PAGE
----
Because the United States is such a large country, there is naturally quite a range of climates, as well. Many states have a full range of weather in the four seasons of one year, where temperatures may range from very cold with possible snow in the winter to hot, humid conditions in the summer.
You may be more comfortable studying in an area whose climate matches that of your home country, or perhaps you are ready for a change. You can study at a school in the mountains or near a beach by the ocean.
Below is an overview of the four large American regions and some of the weather you can expect from each.
The West (states including California, Nevada, Wyoming, Arizona): As a general rule, sun shines on California and the Southwest, but international students heading to a school in California should also be prepared for the occasional earthquake.
Generally the temperatures are cooler further north and in the mountains, with snow in areas like Tahoe, and hotter in the south, growing more desertlike as you head inland from the coast.
The Midwest (states including Ohio, Illinois, Minnesota, Kansas): Expect a big mix of weather in these states. These are some places where you actually get a seasonal cycle.
It can be temperate in the spring, hot in the summer and cold in winter. Positioned inland from the oceans, the climates in these states can often be very different.
The South (states including Texas, Mississippi, Florida): The South can be an intense region to live and study in. Expect it to be hot, humid, and feel incredibly sticky in the fall and equally hot but much more prone to heavy rain in the summer. The southernmost point of Florida is technically deemed a tropical climate.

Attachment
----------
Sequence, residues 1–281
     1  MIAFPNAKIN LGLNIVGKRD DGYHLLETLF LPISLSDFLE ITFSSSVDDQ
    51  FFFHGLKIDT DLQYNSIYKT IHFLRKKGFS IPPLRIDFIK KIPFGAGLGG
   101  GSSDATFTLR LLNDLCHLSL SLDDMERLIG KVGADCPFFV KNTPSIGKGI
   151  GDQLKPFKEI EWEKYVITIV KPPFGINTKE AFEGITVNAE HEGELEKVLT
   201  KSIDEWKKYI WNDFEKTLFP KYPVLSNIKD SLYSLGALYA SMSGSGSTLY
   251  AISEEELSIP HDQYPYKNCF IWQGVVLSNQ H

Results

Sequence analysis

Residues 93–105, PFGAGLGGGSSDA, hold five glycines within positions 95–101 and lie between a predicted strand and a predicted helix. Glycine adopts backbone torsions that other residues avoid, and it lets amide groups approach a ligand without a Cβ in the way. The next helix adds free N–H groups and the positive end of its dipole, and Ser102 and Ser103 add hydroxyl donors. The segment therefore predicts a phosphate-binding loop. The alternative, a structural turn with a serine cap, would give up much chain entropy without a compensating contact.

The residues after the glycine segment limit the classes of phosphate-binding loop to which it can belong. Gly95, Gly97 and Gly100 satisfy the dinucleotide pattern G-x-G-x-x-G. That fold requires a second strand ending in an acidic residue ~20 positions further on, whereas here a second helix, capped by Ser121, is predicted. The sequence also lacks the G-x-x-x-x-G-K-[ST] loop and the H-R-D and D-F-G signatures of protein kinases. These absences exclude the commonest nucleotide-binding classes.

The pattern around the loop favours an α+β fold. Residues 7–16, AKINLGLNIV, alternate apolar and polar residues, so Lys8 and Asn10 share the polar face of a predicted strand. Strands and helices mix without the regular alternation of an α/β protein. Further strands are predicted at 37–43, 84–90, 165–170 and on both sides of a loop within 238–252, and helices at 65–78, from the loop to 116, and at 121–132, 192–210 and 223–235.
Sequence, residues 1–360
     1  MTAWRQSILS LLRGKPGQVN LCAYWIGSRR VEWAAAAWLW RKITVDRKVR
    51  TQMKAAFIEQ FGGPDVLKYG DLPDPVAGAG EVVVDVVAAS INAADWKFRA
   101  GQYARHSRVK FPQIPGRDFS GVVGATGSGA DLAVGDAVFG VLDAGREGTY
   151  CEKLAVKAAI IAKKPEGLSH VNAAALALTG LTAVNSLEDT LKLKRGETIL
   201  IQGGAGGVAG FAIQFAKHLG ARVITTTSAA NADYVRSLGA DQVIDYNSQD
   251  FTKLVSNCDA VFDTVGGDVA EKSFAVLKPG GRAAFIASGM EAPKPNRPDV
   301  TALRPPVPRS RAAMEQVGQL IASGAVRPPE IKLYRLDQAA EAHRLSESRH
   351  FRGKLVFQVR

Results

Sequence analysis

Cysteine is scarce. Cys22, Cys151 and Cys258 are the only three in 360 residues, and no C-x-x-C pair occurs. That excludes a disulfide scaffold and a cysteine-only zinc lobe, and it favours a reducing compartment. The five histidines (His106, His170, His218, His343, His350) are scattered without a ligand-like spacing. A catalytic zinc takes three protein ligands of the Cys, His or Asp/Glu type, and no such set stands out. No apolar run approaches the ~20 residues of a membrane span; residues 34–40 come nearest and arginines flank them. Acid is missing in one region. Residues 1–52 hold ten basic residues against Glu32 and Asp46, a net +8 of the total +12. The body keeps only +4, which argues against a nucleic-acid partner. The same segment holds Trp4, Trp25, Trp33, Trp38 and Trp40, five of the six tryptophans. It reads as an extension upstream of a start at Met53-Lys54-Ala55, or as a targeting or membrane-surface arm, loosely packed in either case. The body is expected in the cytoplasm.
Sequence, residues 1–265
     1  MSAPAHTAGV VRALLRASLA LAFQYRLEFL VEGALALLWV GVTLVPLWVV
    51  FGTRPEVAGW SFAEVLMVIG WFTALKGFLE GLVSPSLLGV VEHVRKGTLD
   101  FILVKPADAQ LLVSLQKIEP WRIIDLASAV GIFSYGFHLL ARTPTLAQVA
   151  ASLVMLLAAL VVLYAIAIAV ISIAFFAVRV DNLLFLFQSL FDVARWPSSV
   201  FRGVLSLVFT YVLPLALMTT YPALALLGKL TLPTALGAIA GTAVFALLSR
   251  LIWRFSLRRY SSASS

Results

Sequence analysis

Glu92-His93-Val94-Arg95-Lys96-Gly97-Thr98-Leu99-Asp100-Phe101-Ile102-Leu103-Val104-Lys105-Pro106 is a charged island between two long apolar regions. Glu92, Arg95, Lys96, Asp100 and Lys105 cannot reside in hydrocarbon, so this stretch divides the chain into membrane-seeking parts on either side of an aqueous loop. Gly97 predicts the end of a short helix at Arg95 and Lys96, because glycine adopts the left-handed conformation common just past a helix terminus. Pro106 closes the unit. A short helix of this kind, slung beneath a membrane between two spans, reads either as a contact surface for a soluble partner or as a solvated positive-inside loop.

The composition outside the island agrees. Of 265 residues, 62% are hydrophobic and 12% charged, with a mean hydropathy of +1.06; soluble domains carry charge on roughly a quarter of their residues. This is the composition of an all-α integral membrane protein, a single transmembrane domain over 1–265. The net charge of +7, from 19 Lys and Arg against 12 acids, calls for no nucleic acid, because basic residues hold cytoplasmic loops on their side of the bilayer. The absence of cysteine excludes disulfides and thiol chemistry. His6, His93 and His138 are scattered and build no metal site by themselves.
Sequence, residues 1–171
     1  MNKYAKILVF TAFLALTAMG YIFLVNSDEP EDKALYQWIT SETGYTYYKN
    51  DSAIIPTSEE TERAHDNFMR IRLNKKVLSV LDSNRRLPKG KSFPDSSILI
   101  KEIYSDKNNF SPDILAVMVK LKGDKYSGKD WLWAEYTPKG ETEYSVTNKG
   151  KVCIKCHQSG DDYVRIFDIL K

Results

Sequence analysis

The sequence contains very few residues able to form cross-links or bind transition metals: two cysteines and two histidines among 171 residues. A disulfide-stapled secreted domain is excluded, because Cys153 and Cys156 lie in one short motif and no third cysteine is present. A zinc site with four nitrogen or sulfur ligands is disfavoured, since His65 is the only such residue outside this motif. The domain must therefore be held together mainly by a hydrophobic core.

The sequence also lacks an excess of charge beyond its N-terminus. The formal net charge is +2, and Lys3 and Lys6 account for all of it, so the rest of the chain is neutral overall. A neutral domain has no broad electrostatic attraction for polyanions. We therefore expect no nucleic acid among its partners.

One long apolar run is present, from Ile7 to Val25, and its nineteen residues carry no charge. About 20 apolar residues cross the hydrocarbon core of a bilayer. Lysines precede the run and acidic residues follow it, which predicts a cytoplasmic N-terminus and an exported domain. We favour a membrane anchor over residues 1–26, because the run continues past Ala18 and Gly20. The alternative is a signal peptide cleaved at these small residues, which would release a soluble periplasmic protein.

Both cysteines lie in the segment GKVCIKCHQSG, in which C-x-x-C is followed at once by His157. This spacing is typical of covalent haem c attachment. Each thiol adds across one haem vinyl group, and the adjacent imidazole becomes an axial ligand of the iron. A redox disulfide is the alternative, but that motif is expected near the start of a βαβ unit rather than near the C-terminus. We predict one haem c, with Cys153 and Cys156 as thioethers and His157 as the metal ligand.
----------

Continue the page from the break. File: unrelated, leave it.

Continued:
The Northeast (states including New York, Connecticut, Massachusetts): In this part of the U.S., the weather can go from one extreme to the next, with hot and sunny summers and bitterly cold winters.
Personal safety is important to people everywhere, and your family may have concerns about you being safe while studying so far from home. Violence on a school campus can happen anywhere, and the United States is certainly no exception.
Common security measures may include any number of the following: emergency and security access telephones throughout campus that connect directly to campus and/or local police; campus entrances that are gated and locked at night, where only students with school identification are allowed access from security staff after hours; residence halls that remain locked at all times, with only students living there having access to the buildings; live-in residence hall directors to oversee each campus housing building; and a student escort service that provides safe, campus-wide assistance to students. Many international student orientations also provide information to new international students about the various ways that they can stay safe on campus.
It is customary for public institutions in the United States to make available statistics about the types and numbers of crimes that occur on their campuses. Even though it is unlikely that you would be a victim, crime can happen anywhere. So regardless of where you choose to study, you should learn about common safety and crime prevention strategies.
The US has a abundance of difference cuisines with everything from curries, burgers, and pho. There is something out there for everyone. There are also traditional American foods for you to try and many eateries offer students discounts so take advantage.
Make the most of your free time as a student by taking part in the massive array of social activities open to you. Your university or college will almost certainly have a students' union which is dedicated to social and academic support of the students in your university. There will be clubs and societies suited to everyone. Not to mention all the sporting activities you can watch and take part in.
Practicing Your Religion
It may be very important to you to be a part of a religious community where you are studying in the United States. Muslim students, for example, might want to be sure that there is a mosque in their campus community. While some colleges and universities have a religious affiliation, many others do not, and you will often find a variety of religious organizations and places of worship available to you. The International Student Services Office should be able to provide you with the necessary information you might need for your particular need.